SATELLITE images have revealed North Korea’s massive 176,000sq ft underground lair.
The Kanggye General Tractor Plant which is believed to have room for up to 20,000 people is considered the country’s largest underground arms factory.
The site known as Factory No.26, has multiple tunnels that provide access to the interior of a 1.2m-long hill.
Based on analysis by American researcher Jacob Bogle the huge factory is estimated to cover 176,000sq ft and while its exact size is not known, it is estimated it has multiple floors and numerous several-mile-long tunnels.
He told Metro.co.uk: “The average person looking at the factory probably wouldn’t suspect just how large or important it is.
“Outside, in front of the hill that houses the underground portion, there’s about 50 hectares of administrative buildings, warehouses and even a small stadium for employees to play football.
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“The factory is somewhat nondescript. But then all you have to do is look at the hill and you can see small buildings extending straight into the rock and at least nine entrance tunnels.
“In fact, it’s a little difficult getting an exact count of just how many tunnels there are.’
The plant is responsible for manufacturing ammunition including self-propelled artillery.
The factory which is located in the Chagang province is also believed to be responsible for the manufacturing of components for short-range ballistic missiles which are later shipped to other facilities for assembly.
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It is thought that during the 90s and early 2000s centrifuges used for uranium enrichment were also manufactured and stored at the factory.
Bogle, who is based in Tampa, Florida, has analysed satellite images of underground factories around North Korea.
While most of them have up to three access tunnels, Kanggye includes at least nine.
Staff are said to undergo body searches upon entering the site, with guards on the lookout for anything that could cause a fire such as lighters and matches.
During a visit to the site in 2019, Kim Jong Un was said to have “appreciated the plant for having produced highly efficient machinery and equipment conducive to the national economy and the strengthening of the defense capabilities,” Korean Central News Agency (KCNA) reported at the time.
Bogle continued: “So, to carry on with the Bond villainy analogy, you have this somewhat normal-looking factory, surrounded by the region’s mountains.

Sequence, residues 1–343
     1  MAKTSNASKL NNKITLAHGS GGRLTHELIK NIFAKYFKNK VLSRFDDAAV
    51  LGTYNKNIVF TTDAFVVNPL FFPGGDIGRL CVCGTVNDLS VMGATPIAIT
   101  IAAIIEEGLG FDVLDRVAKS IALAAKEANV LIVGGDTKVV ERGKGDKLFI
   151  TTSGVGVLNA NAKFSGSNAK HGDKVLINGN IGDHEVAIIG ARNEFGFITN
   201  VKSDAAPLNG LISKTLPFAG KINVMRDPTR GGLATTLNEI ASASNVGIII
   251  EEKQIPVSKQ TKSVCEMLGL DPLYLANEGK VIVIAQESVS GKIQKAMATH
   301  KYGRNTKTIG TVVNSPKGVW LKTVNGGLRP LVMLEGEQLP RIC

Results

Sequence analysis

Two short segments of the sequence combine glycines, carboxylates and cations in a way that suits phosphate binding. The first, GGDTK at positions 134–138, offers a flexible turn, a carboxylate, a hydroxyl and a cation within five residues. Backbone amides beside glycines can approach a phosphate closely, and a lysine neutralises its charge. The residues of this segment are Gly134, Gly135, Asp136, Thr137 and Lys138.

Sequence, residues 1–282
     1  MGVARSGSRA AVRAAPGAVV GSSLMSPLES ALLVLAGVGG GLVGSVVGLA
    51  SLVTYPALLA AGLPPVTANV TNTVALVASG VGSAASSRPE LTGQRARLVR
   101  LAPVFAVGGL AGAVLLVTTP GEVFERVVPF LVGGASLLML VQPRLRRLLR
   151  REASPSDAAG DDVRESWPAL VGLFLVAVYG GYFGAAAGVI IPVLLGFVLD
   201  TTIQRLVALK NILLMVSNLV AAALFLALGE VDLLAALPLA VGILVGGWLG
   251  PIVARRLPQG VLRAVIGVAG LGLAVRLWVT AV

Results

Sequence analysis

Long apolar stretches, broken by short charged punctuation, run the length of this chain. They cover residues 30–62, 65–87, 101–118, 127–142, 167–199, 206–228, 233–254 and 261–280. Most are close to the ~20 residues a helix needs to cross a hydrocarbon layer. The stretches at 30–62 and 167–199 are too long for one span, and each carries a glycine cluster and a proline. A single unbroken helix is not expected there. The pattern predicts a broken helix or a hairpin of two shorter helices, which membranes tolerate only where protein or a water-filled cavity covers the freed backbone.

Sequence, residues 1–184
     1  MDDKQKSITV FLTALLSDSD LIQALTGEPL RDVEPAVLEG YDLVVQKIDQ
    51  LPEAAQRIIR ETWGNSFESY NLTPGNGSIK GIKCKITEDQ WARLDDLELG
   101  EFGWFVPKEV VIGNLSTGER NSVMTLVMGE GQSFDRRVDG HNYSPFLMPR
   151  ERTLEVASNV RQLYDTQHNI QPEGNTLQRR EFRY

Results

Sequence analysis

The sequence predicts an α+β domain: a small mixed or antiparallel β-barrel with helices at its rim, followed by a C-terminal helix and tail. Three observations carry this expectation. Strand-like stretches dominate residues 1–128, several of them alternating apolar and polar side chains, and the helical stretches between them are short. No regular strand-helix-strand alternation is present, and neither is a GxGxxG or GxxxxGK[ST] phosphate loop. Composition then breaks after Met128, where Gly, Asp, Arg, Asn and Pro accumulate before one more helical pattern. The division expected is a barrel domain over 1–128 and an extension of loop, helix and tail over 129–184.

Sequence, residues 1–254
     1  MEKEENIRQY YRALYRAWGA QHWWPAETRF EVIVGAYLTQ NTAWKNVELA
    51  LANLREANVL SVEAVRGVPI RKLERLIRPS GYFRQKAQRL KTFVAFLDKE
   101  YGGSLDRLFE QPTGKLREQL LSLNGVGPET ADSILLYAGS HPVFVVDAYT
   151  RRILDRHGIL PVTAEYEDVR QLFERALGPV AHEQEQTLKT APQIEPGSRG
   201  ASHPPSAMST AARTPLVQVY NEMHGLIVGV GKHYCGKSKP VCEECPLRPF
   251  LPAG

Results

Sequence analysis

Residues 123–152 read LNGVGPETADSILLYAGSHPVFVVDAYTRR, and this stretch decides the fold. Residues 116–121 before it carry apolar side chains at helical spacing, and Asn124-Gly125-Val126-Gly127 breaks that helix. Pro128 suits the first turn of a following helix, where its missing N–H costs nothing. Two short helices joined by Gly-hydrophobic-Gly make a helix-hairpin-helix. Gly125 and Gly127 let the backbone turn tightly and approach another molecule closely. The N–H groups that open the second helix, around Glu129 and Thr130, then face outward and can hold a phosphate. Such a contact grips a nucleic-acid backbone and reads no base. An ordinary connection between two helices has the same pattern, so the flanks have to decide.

“But then you look more closely and there’s this hidden network of tunnels all producing weapons for one of the largest militaries in the world and that’s headed by a guy who murdered his own brother and uncle.”
The site was established soon after the Korean War as the small-arms factory was split into three, and each part moved to different areas of the country.
The term “tractor” comes from Soviet nomenclature that typically denotes a military factory.
Back in 1991, a major explosion caused by the mishandling of explosive material, reportedly caused the death of at least 1,000 people.
The explosion destroyed an area nearly a kilometer, damaging every above-ground building and blew out windows for miles around.
According to locals, cited in a Daily NK report the official death toll could have reached as many as 6,000 people, including pregnant women.
Among the victims were also workers who were trapped underground as authorities reportedly blocked all exits to prevent an even bigger explosion.
Research showed it took 3-4 years for the site to be cleared and reconstructed, with no new residential buildings facing the factory, although the area does remain populated.
Mr Bogle said: “We know that North Korea is one of the worst offenders when it comes to unsafe working conditions and it has the highest incidence of work-related deaths in the world according to a study published in 2021 by the World Health Organization and International Labour Organization.
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“At Kanggye, there are recreational facilities such as a stadium and swimming pool, there’s a medical clinic, and there are other amenities for the workers and their families.
“Work at the factory is likely to be difficult, and there would be no public discussion of injuries or safety failures, but there is no reason to believe that workers are any less safe than at other North Korean arms factories.”